The Deepening Economic Crash and the 2016 Election

 

AP Photo/Paul Sancya

Republican presidential candidate Donald Trump speaks during a campaign stop Monday, February 15, 2016, in Greenville, South Carolina. 

A version of this article originally appeared at The Huffington Post

If this bizarre election year needed one more twist, it is now likely to play out against a deepening economic crisis. Advantage: Trump and Sanders.

The global economy is weakening, due to a perfect storm of a cratering economy in China, a crash of oil prices, slower growth in the Third World and a realization by central banks that they can't fix what's broken. There is a lot of whistling past the graveyard that the U.S. can somehow continue our (rather tepid) recovery, but in a global economy, no country is an island.

Fears of a recession push the stock market downward; then the wipeout of stock values helps bring that recession nearer. (Who said markets were rational?)

Consumers benefit for now from the cheaper gas prices at the pump. But with wage growth minimal, and real careers giving way to a succession of on-demand "gig" jobs, that's small comfort.

As the election year wears on, you can expect Republicans to blame the economic slide on the Obama administration and the Democrats. You can expect Hillary Clinton to intensify her attacks on Bernie Sanders as the candidate of tax increases and big government. And you can expect the economic anxiety that drives the Trump and Sanders campaigns only to grow.

On the GOP side, why are Republican elites so terrified of Trump? Let us count the ways.

First, he doesn't need their money. So all the billions that were set to buy the election are suddenly like the worthless marks of Weimar Germany. And if Trump doesn't need either their money or the votes of their political toadies, then the GOP elites have no leverage on him and no IOU's to call in. Uh-oh.

Second, it becomes clearer every day that Trump isn't a conservative. He's an anti-Wall Street, anti-foreign populist. And anti-foreign doesn't necessarily mean more interventionist. At the most recent Republican debate, he actually said that he would have voted to impeach George W. Bush over the invasion of Iraq. 

That comment set pundit tongues wagging: This time, Trump finally overreached. W. is popular in South Carolina, isn't he? Well, maybe among the swells, but not so much among the white working class good old boys who are Trump's constituents. It is their sons, fathers, brothers (and some daughters and wives) who got killed in W.'s pointless war in Iraq.

And all Jebby could do was pitifully blather about what a great man his dad was, and how much he admired his mother. Maybe she should have run, Trump shot back. This man is crazy like a fox.

Third, unlike GOP conservatives, Trump doesn't hate government. In a severe economic turndown, you could imagine a President Trump sponsoring, say, a massive public works program to Make American Great Again. 

And fourth, the Trump phenomenon suggests that the supposedly ultra-conservative Republican base isn't all that conservative either. Yes, the Evangelicals are religious conservatives, and the base doesn't like foreigners, and a dwindling number hate gays, but that doesn't make them economic conservatives.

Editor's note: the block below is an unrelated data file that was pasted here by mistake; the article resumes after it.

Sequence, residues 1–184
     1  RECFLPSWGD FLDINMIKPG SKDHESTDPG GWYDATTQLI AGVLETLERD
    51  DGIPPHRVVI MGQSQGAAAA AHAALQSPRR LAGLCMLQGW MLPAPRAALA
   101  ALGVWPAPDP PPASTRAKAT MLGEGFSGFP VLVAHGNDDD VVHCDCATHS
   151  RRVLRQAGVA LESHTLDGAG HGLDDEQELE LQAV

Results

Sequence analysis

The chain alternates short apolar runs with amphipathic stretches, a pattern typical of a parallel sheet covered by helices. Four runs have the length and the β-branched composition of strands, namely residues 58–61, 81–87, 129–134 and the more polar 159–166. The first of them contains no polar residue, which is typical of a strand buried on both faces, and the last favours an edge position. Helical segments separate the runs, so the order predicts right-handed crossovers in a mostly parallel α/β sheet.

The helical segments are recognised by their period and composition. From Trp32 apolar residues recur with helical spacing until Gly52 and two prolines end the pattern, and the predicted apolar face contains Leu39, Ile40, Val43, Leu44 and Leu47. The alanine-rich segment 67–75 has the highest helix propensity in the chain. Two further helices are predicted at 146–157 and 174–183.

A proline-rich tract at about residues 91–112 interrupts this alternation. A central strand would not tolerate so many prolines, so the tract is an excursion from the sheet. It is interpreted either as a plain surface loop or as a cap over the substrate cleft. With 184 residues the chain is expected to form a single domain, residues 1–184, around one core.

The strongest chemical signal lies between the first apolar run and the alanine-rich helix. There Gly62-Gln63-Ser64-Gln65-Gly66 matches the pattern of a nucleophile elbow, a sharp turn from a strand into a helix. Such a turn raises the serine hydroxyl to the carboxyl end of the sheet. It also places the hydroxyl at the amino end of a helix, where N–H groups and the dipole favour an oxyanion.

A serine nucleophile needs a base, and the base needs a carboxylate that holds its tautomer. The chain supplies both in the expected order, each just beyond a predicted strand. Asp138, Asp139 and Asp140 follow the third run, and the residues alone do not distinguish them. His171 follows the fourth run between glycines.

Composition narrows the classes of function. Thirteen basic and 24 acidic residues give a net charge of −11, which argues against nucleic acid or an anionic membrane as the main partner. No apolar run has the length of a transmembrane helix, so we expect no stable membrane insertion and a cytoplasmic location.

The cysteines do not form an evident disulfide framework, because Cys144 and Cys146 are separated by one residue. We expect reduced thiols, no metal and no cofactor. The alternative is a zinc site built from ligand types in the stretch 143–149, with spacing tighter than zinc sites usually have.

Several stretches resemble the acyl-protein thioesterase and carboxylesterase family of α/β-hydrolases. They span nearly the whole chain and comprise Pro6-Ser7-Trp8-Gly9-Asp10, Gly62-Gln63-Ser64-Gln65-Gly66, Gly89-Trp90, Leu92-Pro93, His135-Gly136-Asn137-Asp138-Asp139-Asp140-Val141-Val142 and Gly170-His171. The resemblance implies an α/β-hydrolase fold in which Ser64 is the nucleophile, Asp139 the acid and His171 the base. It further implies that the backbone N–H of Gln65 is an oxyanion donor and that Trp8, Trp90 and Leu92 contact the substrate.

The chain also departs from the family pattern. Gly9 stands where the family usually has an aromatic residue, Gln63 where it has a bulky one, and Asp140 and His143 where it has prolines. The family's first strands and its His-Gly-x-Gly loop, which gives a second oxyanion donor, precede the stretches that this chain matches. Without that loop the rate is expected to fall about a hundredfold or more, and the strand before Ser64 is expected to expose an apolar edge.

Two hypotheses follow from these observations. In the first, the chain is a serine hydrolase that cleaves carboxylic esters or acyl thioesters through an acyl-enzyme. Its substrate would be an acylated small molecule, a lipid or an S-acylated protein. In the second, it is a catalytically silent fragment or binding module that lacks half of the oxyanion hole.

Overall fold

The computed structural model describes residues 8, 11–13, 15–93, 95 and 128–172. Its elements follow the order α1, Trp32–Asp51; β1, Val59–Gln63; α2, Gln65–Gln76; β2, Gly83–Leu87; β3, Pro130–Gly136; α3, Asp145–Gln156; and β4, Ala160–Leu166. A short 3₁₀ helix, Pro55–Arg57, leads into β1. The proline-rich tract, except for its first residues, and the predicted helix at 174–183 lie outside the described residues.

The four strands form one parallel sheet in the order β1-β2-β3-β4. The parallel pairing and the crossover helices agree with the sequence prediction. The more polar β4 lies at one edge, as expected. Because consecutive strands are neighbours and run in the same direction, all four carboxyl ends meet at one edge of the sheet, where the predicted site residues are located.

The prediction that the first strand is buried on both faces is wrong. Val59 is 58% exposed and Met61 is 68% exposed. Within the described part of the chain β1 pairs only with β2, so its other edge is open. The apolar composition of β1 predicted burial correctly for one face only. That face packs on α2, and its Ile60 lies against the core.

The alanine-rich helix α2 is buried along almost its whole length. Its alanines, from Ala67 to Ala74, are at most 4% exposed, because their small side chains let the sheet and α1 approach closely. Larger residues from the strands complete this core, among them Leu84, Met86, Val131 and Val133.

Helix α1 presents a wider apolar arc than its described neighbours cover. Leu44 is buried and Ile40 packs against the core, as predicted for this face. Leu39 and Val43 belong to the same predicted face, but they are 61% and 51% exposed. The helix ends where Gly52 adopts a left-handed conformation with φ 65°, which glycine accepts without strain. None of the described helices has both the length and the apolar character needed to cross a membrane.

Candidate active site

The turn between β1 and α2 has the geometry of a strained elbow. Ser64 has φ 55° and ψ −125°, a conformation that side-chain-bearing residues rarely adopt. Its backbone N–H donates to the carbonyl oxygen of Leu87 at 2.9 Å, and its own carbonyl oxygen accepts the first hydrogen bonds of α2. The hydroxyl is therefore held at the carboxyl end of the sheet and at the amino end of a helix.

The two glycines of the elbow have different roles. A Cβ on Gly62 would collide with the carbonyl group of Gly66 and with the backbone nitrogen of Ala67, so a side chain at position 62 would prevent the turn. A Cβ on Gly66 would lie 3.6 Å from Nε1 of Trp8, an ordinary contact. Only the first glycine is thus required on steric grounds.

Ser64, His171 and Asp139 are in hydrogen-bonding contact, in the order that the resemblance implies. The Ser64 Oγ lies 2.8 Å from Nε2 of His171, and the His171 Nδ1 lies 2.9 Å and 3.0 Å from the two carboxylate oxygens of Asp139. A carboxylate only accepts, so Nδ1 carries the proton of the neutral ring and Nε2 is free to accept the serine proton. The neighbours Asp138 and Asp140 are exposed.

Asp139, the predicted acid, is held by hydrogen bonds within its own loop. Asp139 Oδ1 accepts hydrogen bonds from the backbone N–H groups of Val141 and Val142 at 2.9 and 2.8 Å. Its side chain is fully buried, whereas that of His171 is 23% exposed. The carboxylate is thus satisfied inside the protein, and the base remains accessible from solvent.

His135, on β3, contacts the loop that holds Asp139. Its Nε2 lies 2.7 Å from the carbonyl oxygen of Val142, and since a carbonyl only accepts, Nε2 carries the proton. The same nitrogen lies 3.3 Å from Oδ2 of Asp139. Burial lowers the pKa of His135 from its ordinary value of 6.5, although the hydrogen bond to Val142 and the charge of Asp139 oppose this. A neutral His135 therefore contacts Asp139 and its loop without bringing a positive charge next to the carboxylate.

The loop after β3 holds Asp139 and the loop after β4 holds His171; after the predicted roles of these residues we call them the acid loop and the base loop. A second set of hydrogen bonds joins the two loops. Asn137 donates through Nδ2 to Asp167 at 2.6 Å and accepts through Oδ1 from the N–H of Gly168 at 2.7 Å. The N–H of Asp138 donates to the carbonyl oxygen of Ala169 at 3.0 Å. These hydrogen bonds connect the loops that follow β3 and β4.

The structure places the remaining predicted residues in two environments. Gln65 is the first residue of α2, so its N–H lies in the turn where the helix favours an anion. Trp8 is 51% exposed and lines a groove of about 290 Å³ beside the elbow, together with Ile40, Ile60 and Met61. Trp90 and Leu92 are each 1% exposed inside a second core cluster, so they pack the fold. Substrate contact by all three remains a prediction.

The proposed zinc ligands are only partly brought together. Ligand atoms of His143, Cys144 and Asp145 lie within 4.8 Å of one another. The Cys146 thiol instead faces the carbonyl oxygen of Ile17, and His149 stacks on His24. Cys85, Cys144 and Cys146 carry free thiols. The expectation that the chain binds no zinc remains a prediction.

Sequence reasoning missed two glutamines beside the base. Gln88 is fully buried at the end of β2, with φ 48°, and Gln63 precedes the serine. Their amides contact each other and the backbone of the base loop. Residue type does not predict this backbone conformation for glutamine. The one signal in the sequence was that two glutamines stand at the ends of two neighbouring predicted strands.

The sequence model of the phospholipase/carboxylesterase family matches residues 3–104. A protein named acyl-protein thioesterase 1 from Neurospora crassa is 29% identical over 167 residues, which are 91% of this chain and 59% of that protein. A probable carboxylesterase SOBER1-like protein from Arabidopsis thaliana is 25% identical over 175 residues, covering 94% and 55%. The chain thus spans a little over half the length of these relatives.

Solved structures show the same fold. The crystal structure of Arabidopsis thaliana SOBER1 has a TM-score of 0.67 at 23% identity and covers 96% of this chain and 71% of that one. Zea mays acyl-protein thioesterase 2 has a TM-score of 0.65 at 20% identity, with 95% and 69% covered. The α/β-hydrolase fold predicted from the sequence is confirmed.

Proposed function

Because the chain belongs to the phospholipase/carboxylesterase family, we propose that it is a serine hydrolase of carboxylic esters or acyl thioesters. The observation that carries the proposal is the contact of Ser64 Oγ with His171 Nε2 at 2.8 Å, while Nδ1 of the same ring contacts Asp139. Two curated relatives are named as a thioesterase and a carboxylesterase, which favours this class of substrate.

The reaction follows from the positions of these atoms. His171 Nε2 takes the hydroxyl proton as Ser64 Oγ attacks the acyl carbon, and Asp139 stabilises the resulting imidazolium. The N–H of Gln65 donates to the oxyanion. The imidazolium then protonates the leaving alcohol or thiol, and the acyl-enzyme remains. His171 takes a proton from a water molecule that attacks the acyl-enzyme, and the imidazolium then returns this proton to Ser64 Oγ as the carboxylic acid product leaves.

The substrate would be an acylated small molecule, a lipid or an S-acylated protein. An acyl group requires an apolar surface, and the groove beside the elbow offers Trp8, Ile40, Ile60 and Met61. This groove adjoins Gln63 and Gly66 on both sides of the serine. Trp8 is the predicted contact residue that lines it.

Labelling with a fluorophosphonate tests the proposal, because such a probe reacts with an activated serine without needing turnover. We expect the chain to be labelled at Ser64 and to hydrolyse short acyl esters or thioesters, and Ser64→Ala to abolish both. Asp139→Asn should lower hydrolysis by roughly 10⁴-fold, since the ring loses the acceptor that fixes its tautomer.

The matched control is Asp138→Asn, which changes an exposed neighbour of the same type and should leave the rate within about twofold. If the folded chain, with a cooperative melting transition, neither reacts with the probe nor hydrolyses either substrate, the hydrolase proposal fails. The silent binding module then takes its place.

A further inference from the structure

Until Trump, there was an awkward alliance of convenience in the GOP between social conservatives and Wall Street conservatives (who have little in common), in which each one did the other's bidding. Trump unmasks and blows up that alliance. 

That fracture, over the long run, is even more serious than the oft-stated risk of Trump somehow destroying the Republican Party entirely. What he really does is to weaken the party as the instrument of Wall Street conservatives.

And what Trump is doing to the GOP is mirrored on the Democratic side by Sanders's impact on the Democrats. Hillary Clinton, at the most recent Democratic debate, doubled down on her attacks on Sanders as a big-government Democrat.

Sorry, but a dose of higher taxes and more social investment is just what the economy and the disaffected people who are flocking to Sanders need right now.

Take the case of tax-financed debt relief for college grads. That's not a case of building a big government bureaucracy. On the contrary: Money would flow in, via more tax dollars collected from the rich, and it would flow out for debt-free higher education. Does Hillary really want to bash Bernie over that?

Or take Medicare for All. That's less bureaucracy, not more. Medicare is an exemplar of the efficiency of government. It spends 98 cents of the premium dollar on medical care. Most private insurers are down in the 80s. If you want to see bureaucracy in action, take a good look at private medical and health insurance bureaucracies. (And you have, if you've been to the doctor or filed a claim lately.)

Hillary's biggest blunder was to try to tag Bernie as a one-issue candidate. If that issue is the economy, bring it on.

What Trump and Sanders are forcing is a debate about the declining prospects of most Americans. For all of its power, Wall Street, in the driver's seat on both parties for at least three decades, suddenly has the weaker horse in both parties. Amazing!

Of course, Hillary Clinton is still the more likely Democratic nominee. And in a head-to-head with Trump, she is probably the favorite barring some new horrendous disclosure about Clinton Foundation conflicts of interest or emails. 

Clinton, presumably, is a good enough reader of public opinion and of sources of political energy, that she would be a more progressive president that one might have expected. But Wall Street would still have a good friend in the Oval Office—too good a friend.

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